“Teach” Very Little, Listen A Lot, Then Facilitate

This week I read two articles that made an impact on me. One was about “Deep Listening,” and the other was “Autism and the Expected-Unexpected Social Thinking Vocabulary” (http://www.autismsupportnetwork.com/news/autism-and-expected-unexpected-social-thinking-vocabulary-2782942). Earlier this week, I also had a conversation with my son, a high school senior who is taking an AP Psychology coarse. He was telling me about a discussion they had in class concerning whether any knowledge at all was innate or all learned. He began to tell me about a behavioral experiment in which the facilitator taught a baby to fear rats, a fear which the baby had not had before the experiment started. Sarcastically, I told him that the final answer to all behavior problems; behaviorism.
Now don’t get me wrong, I use behavioral techniques all the time. Behaviorism is extremely useful and necessary when implemented correctly. Behavioral techniques can be a terrific partner to other types of therapy. However, it seems to me that the prevailing thought among most is that kids need to be taught to listen and follow through. If they are not, then consequences must be implemented.
What I think we often times forget, or miss completely, is that we are teaching loads unintentionally. Kids, including those that are autistic, behavioral, or have special needs are picking up much more quickly on the things on which we aren’t even thinking. I think all kids are always listening deeply. We are actually throwing the ball at the wrong target. Kids are naturally always learning and listening to the things we don’t even realize we are doing or teaching. They see the irritated look in our eyes and the hands on the hips, they hear the frustrated sigh and tone of voice when they are not getting it, or when something else in our day gets in the way.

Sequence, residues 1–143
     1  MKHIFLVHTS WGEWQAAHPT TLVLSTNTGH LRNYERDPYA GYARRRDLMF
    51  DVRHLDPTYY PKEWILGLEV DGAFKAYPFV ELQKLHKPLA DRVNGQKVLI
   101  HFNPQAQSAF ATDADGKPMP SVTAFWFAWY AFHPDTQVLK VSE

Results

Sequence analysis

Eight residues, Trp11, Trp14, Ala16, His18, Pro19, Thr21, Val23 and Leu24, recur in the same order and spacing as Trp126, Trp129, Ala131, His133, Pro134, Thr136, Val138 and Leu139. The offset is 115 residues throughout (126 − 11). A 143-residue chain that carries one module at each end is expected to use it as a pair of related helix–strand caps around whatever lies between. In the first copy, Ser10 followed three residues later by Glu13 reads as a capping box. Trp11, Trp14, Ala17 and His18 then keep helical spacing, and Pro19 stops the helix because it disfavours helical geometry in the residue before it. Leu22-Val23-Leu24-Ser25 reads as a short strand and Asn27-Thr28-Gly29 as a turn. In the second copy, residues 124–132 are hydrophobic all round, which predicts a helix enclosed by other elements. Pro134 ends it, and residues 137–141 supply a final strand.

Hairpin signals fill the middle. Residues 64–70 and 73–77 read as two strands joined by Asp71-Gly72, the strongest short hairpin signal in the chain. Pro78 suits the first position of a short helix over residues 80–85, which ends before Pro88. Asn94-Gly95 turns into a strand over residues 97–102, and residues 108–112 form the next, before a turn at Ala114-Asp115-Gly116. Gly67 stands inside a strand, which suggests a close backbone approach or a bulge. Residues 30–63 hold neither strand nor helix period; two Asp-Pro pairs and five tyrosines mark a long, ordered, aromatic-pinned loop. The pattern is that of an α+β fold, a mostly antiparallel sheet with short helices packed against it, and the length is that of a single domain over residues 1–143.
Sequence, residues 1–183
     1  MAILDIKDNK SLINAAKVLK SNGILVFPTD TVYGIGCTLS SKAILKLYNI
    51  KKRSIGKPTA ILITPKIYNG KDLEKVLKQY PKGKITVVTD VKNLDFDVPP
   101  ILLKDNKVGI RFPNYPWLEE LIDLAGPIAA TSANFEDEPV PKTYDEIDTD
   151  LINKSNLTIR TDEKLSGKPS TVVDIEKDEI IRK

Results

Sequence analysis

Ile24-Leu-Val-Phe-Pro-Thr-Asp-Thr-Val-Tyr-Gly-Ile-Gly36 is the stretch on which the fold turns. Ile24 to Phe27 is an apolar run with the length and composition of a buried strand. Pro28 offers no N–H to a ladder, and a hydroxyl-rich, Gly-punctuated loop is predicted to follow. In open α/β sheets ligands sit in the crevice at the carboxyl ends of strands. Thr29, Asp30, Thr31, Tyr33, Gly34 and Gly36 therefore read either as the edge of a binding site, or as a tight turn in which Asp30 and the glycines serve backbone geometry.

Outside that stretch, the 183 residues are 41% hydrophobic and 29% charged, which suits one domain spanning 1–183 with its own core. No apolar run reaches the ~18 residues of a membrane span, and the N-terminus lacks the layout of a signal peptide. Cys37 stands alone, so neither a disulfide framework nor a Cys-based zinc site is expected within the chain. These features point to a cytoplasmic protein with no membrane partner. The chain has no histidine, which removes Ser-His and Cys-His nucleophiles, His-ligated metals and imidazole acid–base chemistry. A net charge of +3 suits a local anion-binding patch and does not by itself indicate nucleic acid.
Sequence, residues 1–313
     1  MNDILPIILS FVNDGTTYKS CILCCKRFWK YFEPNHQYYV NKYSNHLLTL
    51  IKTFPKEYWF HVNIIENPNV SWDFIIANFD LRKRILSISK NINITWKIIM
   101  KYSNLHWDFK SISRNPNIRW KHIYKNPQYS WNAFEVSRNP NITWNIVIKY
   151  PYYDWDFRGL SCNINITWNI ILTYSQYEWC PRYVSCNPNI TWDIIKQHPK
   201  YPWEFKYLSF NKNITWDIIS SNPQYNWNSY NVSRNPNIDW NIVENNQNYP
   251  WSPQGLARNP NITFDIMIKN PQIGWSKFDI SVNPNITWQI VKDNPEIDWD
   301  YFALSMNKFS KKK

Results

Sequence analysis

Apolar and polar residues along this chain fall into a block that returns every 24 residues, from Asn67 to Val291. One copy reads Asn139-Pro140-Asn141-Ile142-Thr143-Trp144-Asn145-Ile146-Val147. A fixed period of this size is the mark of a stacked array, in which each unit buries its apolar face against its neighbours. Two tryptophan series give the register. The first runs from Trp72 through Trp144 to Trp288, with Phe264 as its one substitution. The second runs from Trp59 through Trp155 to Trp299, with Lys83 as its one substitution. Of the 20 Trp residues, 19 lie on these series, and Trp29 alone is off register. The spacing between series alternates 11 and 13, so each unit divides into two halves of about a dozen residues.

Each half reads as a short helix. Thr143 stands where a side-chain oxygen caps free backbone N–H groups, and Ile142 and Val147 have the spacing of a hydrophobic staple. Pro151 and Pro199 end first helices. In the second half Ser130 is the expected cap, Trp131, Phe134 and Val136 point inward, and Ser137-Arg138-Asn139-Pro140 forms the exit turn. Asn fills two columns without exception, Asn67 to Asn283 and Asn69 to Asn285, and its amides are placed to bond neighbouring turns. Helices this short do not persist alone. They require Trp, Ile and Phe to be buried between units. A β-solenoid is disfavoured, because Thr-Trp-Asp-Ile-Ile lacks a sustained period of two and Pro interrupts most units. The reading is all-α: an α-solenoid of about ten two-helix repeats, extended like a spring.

I know if I’m working musically with a group of kids and a group of adults, although I may have to ask the kids to look at me a couple times, or hear incessant chatter at times during a practice, the kids always naturally follow me. This is constantly demonstrated when unplanned, unrehearsed, unexpected things happen in a performance. The kids will look at me like “What’s going on”, but they will automatically follow the music. Adults, on the other hand, tend to stop or stumble until they find firm ground.
In the article “Autism and the Expected – Unexpected Social Thinking Vocabulary” (http://www.autismsupportnetwork.com/news/autism-and-expected-unexpected-social-thinking-vocabulary-2782942) found at the “Autism Support Network”, describes expected and unexpected behavior. This behavior is based on how one is left feeling – not exactly what is said. Most all kids pick up on our irritation, need for control, what pleases us, and what makes us uncomfortable, all without us adults ever having to utter a single sound.
I believe that children with even the most severe processing difficulties pick up on these things also; they sense our general intentions, our feelings towards them, and our expectations towards them.
Why are we always trying to teach kids to listen better? They are. They are often times listening better than ourselves. Maybe our work would be more effective if we tried to teach and listen to the student we see in the mirror. Sometimes, this is where the deepest listening needs to happen. Maybe the best way to lead students and teach is to “teach” very little, listen a lot, and then facilitate. All children know innately, “All behavior is communication.”

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